Christmas is just around the corner, and I’d like to invite you to purchase a copy of my new book, A Pair of Sparkly Sneakers, for that special someone. It’s getting rave reviews, and people of all ages and backgrounds are connecting to this little purple book which chronicles the struggle and the triumph of my journey of self-discovery as a first-time mom.
I wanted to give you all a sneak peek…so here is an excerpt from the beginning of the story. I hope you’ll enjoy it!
I pulled into the school parking lot, cut the ignition, and tried to martial my resources for what lay ahead. I was there to collect my son – just barely five years old – from the principal’s office, where he’d been sent for throwing snowballs. It was not the first time my little boy had landed in the office. But it would be the last.
I took a deep breath, steadying myself for what I’d come to do. I found myself thinking back, retracing the steps that had brought us here to this moment when everything would change.
It was not the first change we’d faced as a family – not by a long shot. But it would become the one change we chose to define us – to defy all the other labels that had been so haphazardly thrust upon us.
I drew in one last, shaky breath and made my way into the school, bypassing the principal’s office, turning sharply to the right, down the hall that would take me to my son’s classroom. I’d attended this school myself as a child, and each step evoked vivid memories; the squeak of sneakers on the dark maroon tiles as we’d line up for lunch, the faded brown door to my first-ever classroom, the stairs leading down to the mysterious room in the basement where the art teacher fired up her kiln.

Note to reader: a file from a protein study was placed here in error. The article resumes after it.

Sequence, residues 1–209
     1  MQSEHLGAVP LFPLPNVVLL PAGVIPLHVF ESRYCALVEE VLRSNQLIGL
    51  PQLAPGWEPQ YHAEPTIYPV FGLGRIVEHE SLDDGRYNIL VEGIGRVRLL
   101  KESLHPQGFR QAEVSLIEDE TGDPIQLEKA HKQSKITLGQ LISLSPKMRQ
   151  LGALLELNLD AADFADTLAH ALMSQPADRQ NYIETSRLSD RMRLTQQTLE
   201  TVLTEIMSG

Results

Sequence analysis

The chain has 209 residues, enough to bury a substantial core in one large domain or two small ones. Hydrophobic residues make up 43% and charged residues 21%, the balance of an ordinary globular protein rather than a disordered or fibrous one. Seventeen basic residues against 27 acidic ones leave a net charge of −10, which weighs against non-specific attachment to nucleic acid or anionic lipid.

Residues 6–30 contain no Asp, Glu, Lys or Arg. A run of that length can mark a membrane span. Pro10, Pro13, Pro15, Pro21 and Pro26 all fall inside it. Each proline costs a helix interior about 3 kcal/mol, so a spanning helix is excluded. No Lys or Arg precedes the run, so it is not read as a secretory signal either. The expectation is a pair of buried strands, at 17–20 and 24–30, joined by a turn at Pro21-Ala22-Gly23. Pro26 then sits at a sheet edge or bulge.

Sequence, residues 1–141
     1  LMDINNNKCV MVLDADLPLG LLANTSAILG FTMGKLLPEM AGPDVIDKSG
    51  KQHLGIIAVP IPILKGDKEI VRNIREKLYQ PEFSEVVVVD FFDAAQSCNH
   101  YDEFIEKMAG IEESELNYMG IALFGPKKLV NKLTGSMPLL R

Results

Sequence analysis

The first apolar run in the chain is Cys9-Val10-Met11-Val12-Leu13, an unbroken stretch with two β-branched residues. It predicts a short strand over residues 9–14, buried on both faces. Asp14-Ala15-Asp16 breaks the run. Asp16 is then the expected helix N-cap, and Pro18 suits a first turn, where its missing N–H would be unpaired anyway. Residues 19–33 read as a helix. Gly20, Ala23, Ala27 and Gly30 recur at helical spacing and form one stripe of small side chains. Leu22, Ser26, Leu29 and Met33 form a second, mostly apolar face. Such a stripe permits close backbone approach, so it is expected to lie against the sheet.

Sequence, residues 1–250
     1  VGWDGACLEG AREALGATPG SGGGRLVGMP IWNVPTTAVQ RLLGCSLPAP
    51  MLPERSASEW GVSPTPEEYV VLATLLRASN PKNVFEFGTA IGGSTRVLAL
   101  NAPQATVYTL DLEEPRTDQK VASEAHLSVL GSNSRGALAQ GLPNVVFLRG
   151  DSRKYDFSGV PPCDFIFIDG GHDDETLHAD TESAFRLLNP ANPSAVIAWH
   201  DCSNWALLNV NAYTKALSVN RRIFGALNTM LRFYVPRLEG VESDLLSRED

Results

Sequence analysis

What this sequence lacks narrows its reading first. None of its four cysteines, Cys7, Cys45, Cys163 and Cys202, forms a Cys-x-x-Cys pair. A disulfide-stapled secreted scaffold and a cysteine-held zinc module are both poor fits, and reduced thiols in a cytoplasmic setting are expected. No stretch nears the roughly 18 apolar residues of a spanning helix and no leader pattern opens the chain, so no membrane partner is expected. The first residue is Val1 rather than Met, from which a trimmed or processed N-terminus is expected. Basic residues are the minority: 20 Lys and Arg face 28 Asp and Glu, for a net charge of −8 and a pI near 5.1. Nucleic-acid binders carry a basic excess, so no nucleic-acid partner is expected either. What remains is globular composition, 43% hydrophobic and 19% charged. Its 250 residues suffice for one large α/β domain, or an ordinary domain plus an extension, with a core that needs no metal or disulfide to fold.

I had liked school well enough – or so I had thought – back in those elementary days, and school had certainly liked me. I was a quiet, eager to please, precocious student. The kind of student that teachers silently blessed as they dealt with the loudmouthed bully, the Chatty Cathy who wouldn’t buckle down, or the hopeless Bullfrogs reading group, comprised of the most inept readers.
A teacher’s dream, that’s what my fearless leaders always reported to my parents at conference time. Wish we had a class full of students just like her! My mother would float home, thrilled with such laudable news, while my father would jokingly grill me as to whether my A’s were “strong” A’s, or just squeaking-by ones.
A teacher’s dream. It’s what I’d always been. It’s what I’d always assumed my children would be. Yet here I was, on my way to meet with my son’s special education teacher about the nightmare he had become.
If you like what you’ve read, you can buy the book here